Although I was already in the middle of a commission, I was so compelled to model this inspired vision that I began working immediately. I modeled the girl life-size, and since she was at the top of the butterfly vortex in flight, I sculpted while standing on a tall ladder. Over the course of several months, I modeled several hundred butterflies that were in the breeze below her. I like to think of the butterflies as my support system that carried me through such a difficult time. The sculpture titled “Lift Her with Butterflies” represents all of us who have gone through difficult times in life being held up by a wonderful support team.
Simpler in form than “Lift Her with Butterflies.,” but not without an origin of complex emotion, is “Swaddled Star.”
It grew out of a deeply moving story that is a simple but compelling sculptural composition: A neurosurgeon in Southern California contacted me about his little patient, a six-month-old baby who had a brain tumor. The doctor had grown very fond of the baby and his family during the months he treated him and wanted to give the family a gift; one that would honor the sweet little boy’s perseverance and tender surrender at the end of his many treatments and surgeries.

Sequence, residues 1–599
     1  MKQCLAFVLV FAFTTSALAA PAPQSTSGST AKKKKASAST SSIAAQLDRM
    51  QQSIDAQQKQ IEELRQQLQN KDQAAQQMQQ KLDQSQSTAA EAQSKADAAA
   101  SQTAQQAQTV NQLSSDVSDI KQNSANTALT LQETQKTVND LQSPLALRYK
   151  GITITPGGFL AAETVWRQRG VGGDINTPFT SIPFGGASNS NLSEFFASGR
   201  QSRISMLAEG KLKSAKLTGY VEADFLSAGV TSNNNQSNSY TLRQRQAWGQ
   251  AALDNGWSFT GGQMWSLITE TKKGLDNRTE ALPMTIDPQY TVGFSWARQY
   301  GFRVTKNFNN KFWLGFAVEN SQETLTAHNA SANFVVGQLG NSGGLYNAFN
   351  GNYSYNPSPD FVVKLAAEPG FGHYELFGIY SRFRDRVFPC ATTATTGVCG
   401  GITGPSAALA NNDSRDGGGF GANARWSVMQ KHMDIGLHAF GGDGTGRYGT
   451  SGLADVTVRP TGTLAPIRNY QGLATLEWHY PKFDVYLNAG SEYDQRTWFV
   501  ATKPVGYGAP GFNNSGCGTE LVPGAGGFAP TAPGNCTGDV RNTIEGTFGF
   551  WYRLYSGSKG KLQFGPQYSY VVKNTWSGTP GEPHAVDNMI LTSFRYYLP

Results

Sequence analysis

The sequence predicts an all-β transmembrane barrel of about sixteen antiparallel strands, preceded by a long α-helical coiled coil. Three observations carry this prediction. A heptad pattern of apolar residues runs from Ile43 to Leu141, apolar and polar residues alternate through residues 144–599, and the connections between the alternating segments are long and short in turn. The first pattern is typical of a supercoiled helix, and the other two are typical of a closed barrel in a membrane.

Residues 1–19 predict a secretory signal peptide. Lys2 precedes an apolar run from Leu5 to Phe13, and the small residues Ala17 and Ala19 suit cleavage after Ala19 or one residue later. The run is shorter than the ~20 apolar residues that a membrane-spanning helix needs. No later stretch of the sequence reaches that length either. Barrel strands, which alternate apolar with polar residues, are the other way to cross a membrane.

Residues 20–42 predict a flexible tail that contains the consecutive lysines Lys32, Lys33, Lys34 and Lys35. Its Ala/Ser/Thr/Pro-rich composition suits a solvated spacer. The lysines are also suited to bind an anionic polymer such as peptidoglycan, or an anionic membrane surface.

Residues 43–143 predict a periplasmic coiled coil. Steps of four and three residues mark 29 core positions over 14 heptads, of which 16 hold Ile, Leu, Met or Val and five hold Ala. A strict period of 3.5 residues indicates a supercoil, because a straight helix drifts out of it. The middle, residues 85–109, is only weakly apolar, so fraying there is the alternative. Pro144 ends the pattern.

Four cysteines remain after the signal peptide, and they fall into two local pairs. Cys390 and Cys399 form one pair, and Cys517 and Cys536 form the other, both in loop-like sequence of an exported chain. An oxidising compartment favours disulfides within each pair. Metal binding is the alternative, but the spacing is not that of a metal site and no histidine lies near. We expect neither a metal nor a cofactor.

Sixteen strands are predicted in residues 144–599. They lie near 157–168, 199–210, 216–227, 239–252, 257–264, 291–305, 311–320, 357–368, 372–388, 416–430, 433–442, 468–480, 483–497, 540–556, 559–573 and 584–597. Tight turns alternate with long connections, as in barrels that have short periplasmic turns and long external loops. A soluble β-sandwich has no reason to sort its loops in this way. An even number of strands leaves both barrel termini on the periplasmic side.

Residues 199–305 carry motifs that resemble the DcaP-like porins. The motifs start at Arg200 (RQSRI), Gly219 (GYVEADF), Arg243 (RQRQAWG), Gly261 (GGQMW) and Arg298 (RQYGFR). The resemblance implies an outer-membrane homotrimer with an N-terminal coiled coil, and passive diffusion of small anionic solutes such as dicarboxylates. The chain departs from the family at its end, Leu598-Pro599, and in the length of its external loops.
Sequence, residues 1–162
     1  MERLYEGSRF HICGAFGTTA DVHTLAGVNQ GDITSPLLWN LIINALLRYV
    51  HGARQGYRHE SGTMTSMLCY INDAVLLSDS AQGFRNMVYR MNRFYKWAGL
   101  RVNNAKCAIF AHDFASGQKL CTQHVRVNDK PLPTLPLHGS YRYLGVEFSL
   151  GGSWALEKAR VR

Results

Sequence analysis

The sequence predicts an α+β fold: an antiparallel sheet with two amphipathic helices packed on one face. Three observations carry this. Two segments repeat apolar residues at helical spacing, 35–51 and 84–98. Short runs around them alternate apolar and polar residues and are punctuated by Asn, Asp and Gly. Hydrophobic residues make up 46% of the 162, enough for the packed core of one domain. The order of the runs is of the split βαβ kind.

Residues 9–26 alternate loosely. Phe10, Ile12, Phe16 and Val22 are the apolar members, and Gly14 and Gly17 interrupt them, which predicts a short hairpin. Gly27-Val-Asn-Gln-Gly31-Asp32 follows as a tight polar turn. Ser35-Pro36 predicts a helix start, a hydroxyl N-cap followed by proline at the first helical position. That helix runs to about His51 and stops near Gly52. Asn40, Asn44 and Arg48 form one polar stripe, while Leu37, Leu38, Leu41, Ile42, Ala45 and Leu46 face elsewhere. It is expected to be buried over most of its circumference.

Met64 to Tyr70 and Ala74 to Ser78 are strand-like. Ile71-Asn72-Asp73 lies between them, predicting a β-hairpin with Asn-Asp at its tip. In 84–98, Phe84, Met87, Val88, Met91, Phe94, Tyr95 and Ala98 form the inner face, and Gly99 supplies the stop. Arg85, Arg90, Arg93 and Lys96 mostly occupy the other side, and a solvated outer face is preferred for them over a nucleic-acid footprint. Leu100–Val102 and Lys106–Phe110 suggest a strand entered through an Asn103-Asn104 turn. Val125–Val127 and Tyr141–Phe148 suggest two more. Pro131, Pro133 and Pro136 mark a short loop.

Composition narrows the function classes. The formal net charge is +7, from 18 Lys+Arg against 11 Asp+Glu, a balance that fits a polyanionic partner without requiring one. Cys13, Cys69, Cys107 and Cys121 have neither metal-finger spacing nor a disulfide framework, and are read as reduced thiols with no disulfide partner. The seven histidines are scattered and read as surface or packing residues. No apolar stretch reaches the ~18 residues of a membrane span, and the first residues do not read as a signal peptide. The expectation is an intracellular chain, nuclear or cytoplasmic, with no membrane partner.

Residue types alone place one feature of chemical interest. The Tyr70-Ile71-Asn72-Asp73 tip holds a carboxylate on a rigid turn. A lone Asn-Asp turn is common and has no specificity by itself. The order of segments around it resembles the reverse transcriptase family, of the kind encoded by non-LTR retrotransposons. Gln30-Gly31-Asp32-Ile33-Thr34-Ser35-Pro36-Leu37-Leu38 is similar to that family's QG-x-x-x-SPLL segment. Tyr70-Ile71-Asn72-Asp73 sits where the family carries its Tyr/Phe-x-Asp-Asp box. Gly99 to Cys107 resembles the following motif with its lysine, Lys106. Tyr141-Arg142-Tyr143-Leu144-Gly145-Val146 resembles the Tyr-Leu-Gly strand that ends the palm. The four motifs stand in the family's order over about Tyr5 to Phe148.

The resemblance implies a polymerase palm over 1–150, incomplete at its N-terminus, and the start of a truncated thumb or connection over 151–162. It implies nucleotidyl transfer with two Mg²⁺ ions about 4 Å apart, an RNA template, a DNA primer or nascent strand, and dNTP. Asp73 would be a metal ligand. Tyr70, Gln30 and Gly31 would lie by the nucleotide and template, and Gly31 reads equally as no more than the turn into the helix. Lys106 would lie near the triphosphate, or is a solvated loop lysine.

Unbeknownst to the family, the doctor sent me photos and videos of the baby and his family. As I sat there with the photos and took them all in and watched the videos many times, I got to know the family; their love for each other was so evident, as was their adoration and devotion for this precious baby. It was a deeply moving experience for me to get a glimpse into the journey of this family who has experienced so much hope and so much pain. I was overwhelmed with an understanding of their love, a flood of appreciation and empathy. Hoping to create a sculpture that could be a worthy tribute to their love story, I decided to sculpt their baby wrapped in a protective blanket and covered
in bright stars. There is an energy at the base of the sculpture that makes the baby appear to float in his blanket, moving upward in an ethereal ascent.